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94 Notre Dame L. Rev. Online 1 (2018-2019)

handle is hein.journals/ndalro94 and id is 1 raw text is: 



                        SCHOLARLY PROJECT

     Linda  L. Berger,   Kathryn   M.  Stanchi  &  Bridget   J. Crawford*

     In  1995, the authors of a law  review article examining feminist judging
focused on the existing social science data concerning women judges and compared
the voting records and opinions of the only female  Justices on the U.S. Supreme
Court: Ruth Bader  Ginsburg and Sandra Day  O'Connor.'  Based  on this review, the
authors  concluded  that appointing  more  women   as judges  would   make  little
difference to judicial outcomes  or processes.2  The  authors accused those  who
advocated  for more women   on the bench of having a hidden feminist agenda3 and
bluntly concluded that  [b]y any measure, feminist judges fit very uneasily in most
conceptions of the proper role of the judicial system.4
     More   than twenty years later, scholars have a better understanding of what
constitutes feminist judging; moving  beyond  the gender  of those involved  in

   C   2018 Linda L. Berger, Kathryn M. Stanchi & Bridget J. Crawford. Individuals and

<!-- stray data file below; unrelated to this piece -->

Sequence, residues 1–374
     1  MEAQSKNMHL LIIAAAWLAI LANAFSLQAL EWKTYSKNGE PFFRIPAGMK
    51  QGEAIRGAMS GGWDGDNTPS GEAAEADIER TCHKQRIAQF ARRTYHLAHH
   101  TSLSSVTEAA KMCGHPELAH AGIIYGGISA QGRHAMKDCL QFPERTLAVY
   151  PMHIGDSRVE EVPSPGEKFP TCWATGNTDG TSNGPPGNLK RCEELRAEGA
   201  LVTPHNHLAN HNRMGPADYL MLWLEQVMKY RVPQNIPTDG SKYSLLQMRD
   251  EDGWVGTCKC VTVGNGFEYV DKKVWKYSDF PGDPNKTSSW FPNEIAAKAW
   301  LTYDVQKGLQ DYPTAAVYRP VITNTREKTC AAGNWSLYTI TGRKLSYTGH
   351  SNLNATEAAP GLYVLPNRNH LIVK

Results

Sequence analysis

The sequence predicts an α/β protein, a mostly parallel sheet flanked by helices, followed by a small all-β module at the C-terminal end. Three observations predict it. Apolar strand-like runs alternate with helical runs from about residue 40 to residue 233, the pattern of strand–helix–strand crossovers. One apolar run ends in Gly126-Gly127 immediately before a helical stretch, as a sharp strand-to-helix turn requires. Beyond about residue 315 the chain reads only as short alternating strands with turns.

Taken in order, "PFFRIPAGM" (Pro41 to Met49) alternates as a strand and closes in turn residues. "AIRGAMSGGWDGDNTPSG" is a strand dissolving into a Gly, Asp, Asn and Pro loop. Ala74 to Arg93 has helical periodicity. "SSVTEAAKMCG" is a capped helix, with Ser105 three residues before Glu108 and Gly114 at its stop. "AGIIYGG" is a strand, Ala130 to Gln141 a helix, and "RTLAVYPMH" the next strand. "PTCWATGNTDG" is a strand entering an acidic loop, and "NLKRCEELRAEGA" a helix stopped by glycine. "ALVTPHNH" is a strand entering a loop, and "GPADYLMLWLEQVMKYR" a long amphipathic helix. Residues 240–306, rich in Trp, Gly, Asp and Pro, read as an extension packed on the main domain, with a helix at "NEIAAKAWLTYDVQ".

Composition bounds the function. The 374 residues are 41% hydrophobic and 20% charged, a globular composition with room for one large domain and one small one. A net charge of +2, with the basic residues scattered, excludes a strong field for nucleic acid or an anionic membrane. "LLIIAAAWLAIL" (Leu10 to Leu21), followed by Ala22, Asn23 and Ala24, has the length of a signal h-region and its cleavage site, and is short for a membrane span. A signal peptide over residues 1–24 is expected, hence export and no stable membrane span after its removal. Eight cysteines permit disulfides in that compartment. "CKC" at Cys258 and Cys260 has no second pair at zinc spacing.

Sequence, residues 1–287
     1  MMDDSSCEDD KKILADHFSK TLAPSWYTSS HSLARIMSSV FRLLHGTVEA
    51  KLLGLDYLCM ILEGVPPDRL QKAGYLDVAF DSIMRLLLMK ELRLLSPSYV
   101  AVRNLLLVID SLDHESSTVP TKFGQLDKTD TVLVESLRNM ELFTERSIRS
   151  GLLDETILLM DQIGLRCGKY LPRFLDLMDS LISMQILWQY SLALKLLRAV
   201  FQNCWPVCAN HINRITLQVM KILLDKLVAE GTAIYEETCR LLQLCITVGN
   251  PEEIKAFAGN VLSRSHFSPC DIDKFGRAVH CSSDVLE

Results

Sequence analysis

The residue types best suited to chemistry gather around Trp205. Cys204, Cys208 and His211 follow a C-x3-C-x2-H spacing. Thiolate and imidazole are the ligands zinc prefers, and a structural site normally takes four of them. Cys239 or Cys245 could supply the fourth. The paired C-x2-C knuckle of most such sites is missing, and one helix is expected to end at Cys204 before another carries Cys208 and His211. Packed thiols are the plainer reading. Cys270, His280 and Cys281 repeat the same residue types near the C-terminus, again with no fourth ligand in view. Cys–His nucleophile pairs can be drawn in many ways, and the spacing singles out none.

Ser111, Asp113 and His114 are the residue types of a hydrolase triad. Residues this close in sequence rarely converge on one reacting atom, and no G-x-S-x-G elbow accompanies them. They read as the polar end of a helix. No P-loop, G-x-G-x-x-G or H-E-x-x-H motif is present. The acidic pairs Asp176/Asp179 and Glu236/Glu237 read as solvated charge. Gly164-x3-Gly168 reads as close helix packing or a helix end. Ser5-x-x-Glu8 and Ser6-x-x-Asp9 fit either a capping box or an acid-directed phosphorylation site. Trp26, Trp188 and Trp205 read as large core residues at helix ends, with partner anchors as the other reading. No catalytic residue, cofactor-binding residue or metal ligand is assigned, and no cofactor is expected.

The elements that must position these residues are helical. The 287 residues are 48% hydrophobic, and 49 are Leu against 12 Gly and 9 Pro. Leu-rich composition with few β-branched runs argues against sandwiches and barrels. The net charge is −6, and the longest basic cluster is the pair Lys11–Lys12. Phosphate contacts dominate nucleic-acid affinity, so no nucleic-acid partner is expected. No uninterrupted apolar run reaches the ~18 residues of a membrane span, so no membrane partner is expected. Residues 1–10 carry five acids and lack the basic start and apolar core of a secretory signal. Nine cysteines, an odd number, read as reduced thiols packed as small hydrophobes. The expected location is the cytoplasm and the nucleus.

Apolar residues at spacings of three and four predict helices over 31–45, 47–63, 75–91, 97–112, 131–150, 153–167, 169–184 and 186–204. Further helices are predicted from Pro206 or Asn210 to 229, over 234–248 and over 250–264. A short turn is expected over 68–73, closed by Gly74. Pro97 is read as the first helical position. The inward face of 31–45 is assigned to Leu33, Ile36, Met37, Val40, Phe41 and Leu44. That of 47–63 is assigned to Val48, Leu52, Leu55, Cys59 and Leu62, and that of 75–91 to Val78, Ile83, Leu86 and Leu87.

nonprofit institutions may reproduce and distribute copies of this Symposium in any format, at or
below cost, for educational purposes, so long as each copy identifies the authors, provides a citation
to the Notre Dame Law Review Online, and includes this provision and copyright notice.
    *  Linda Berger is the Family Foundation Professor of Law at the University of Nevada, Las
Vegas, William S. Boyd School of Law. Kathryn Stanchi is the Jack E. Feinberg '57 Professor of
Litigation and an Affiliated Professor of Gender, Sexuality, and Women's Studies at Temple
University Beasley School of Law. Bridget Crawford is a Professor of Law at the Elisabeth Haub
School of Law at Pace University.
    1  Michael E. Solimine & Susan E. Wheatley, Rethinking Feminist Judging, 70 IND. L.J. 891,
919 (1995) (The weight of the evidence demonstrates that most female judges do not decide cases
in a distinctively feminist or feminine manner.); cf Sharon Elizabeth Rush, Feminist Judging: An
Introductory Essay, 2 S. CAL. REV. L. & WOMEN'S STUD. 609, 610 n.2 (1993) (explaining that the
concept of feminist judging is not confined to women judges but focuses more on the idea that
we should move away from traditional legal decisionmaking (which generally promotes white male
hegemony) and begin to reconstruct our legal system to consider the views of women, people of
color, gays and lesbians, and other subordinated groups).
    2  See Solimine & Wheatley, supra note 1, at 899.
    3  Id. at 892 n.8 (It is precisely the call for feminist judging, which we think fairly
characterizes much of the literature advocating more female judges, that bears the brunt of most of
our criticism. Nonetheless, our primary concern is with the call for more female judges, regardless
of whether they purport to have a 'feminist' agenda.).
    4  Id. at 893.


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